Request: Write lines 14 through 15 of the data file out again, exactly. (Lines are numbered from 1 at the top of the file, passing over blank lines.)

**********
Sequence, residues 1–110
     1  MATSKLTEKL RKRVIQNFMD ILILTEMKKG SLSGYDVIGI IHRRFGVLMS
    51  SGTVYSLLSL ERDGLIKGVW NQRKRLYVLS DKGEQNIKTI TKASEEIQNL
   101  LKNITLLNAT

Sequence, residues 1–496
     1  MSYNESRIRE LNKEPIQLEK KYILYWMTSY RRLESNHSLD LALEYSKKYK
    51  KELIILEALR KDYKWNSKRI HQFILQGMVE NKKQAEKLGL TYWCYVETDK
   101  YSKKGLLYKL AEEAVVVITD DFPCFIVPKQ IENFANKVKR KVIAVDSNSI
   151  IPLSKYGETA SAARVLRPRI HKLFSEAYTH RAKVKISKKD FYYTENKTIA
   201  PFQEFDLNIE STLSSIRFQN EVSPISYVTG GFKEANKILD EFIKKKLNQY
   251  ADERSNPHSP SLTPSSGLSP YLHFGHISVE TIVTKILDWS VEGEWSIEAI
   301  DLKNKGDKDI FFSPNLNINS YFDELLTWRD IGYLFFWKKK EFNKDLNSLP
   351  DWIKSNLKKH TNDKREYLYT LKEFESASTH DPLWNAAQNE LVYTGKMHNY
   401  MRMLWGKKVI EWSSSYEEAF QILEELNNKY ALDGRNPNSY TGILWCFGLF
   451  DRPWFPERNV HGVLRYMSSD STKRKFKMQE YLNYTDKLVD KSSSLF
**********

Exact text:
   401  MRMLWGKKVI EWSSSYEEAF QILEELNNKY ALDGRNPNSY TGILWCFGLF
   451  DRPWFPERNV HGVLRYMSSD STKRKFKMQE YLNYTDKLVD KSSSLF